Tuesday, January 4, 2011

Nature/Nurture 01 and Teaching 01: The Lima Bean Effect

The Lima Bean Effect, or Why You Should Like in advance of Actually Liking

When I was a little kid, I ate everything.  I used to think that this was because I was such an obedient child, intensely aware of what my mother didn't like and earnestly eager to please.  My mother had nothing but contempt for picky eaters, or rather for the mothers of picky eaters.  In her view, children naturally loved all foods and only expressed dislikes to manipulate their parents.  Over the years, I've realized she was wrong.  People's taste buds vary, like their hair color or the length of their limbs, even relative to other limbs.  (Some people really do have short arms and long legs, and it's not because their mothers made them run for everything and would never accept a hug.)

The fact is that I and my mother are blessed with good tongues: we are less sensitive to bitter tastes and probably more sensitive to sweetness.  Maybe we are also more tolerant of variations in texture.  My daughter is equally lucky. But she has a friend who won't eat fruit and dislikes almost all vegetables.  I can see rejecting romaine, but strawberries with sugar?  Something hard-wired in this girl’s tasting apparatus must be involved, especially if the only vegetable she'll touch is overcooked frozen broccoli.

But broccoli is not the subject here. Lima beans are. They were the exception that proved that I was not a perfect eater.  I really did not like them.  This was a problem because they were a not-infrequent vegetable offering during my childhood.  My mother knew about nutrition, so we always had fruit to start (fresh grapefruit or canned fruit cup), and then a protein source, a starch, and a vegetable.  It was before Atkins.  Also before great produce was sold in supermarkets and before frozen foods occupied a whole aisle.  Often my mother made a salad:  iceberg lettuce, cucumbers, and those awful tomatoes sold in plastic-wrapped groups of 3 that we said were like cardboard, because styrofoam, although it had been invented by then, was not yet a household word.  Any non-salad vegetables came from cans:  canned spinach -- which I actually liked: it had a sour lemony quality and a soft slimy texture that was not like anything else -- or canned green beans or canned zucchini in tomato sauce (which I can still eat with gusto straight from the can).  When she could afford the splurge, my mother bought canned asparagus.  And for variety, she'd pick up a can of lima beans.

What to do about the lima bean problem?  I was a stubborn and hard-thinking child, with a preference for the elegant (in the mathematical sense).  Not for me to dump the beans in my lap when nobody was looking.  And I knew enough to know that confession and a plea for sympathy would have done no good at all.  There was only one solution: I declared that I loved lima beans, and waited to see what happened.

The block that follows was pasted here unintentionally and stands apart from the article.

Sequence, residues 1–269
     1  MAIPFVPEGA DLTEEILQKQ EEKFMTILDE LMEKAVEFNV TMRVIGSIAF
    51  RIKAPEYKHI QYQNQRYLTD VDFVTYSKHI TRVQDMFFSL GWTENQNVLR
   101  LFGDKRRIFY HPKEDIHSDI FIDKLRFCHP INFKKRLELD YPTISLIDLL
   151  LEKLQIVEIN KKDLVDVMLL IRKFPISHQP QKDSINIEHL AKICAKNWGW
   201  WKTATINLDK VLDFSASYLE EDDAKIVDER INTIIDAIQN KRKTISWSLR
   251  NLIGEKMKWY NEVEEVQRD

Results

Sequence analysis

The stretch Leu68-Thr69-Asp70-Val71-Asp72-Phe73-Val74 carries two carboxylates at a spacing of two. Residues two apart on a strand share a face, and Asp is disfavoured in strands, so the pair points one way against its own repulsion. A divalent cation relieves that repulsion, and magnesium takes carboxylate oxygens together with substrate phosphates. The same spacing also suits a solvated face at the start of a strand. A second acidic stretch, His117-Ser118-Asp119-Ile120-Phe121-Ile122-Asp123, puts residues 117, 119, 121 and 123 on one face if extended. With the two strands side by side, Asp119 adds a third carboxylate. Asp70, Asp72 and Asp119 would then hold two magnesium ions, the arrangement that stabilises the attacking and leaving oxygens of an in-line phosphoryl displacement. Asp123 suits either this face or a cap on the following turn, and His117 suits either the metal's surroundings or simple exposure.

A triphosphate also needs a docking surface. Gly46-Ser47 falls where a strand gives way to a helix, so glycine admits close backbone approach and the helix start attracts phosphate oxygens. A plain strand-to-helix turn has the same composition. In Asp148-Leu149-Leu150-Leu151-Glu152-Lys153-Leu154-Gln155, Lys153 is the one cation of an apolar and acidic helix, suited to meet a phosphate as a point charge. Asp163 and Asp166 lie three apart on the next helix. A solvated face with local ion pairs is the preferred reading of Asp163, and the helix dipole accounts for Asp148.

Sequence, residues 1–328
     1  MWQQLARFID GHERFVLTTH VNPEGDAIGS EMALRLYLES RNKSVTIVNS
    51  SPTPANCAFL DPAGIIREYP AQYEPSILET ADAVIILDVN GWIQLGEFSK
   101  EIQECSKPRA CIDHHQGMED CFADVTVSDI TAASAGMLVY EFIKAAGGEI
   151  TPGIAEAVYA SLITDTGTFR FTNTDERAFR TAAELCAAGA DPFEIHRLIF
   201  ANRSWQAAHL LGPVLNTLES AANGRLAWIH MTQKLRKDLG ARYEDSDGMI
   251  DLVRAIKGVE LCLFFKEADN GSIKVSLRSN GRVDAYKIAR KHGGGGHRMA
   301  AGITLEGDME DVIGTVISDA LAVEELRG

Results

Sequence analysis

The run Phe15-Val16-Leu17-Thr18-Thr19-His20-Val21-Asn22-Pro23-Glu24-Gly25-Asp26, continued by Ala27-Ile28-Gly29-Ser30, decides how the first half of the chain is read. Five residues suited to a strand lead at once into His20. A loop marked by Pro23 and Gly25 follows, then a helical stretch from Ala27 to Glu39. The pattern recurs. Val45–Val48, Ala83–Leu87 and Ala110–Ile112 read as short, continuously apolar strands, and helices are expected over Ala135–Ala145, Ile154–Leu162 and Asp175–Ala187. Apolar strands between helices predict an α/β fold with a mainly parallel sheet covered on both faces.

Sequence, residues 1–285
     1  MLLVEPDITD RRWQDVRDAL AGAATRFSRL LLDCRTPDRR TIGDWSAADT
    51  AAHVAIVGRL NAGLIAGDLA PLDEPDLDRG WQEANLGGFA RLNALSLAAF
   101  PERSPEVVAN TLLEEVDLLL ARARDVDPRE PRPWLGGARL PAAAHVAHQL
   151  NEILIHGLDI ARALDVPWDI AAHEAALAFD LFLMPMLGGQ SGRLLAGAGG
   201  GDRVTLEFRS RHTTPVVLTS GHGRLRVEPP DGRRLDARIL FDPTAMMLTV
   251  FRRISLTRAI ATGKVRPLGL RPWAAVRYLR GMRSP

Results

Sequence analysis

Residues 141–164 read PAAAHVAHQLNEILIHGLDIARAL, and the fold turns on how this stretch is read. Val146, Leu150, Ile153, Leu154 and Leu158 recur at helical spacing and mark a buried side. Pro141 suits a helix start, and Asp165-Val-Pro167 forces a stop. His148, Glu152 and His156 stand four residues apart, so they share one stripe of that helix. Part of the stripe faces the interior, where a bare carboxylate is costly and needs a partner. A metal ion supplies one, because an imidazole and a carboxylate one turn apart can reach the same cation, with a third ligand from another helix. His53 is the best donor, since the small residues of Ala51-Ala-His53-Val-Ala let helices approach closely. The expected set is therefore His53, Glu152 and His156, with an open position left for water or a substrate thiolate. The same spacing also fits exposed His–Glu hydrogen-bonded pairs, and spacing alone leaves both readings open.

What happened is that I do love lima beans.  Especially the tiny ones in cans.  But also the little dried ones that go into homemade beef barley soup.  Lima beans are a pleasure.  Thus I learned that sometimes a lie can turn into a self-fulfilling prophecy. 

Fast forward to the early days of my later-in-life teaching career.  (At age 40 I became an adjunct law professor at Michigan, teaching patent law and sometimes copyright.)  In the first years, I would occasionally have a student who was very attentive, very eager, but basically a pain in the neck: interrupting, showing off separately-acquired knowledge, catching me if I misspoke.  The problem was, of course, that such students were also the smart ones, the ones who were going to go on in the field, the ones I'd be glad I'd had a chance to know before they conquered the world.  I decided to treat them like lima beans.  It worked.  I began to love them. I appreciated that they were keeping me on my toes, that because of them I was not only thinking more clearly and intensely but also enjoying the experience more deeply and doing a better job overall.  After a while, I internalized this process, and in later years I only noticed my students' lima characteristics in retrospect.  But I still remember my early crop of human beans vividly.  I am still in touch with them from time to time. They are the best.

Choosing to like, in advance of actually liking, is a good idea.

(The ideas for this essay were first committed to electrons in 2003; above is a minor revision from a September 2010 rewrite. 6/24/12: typo corrected.)

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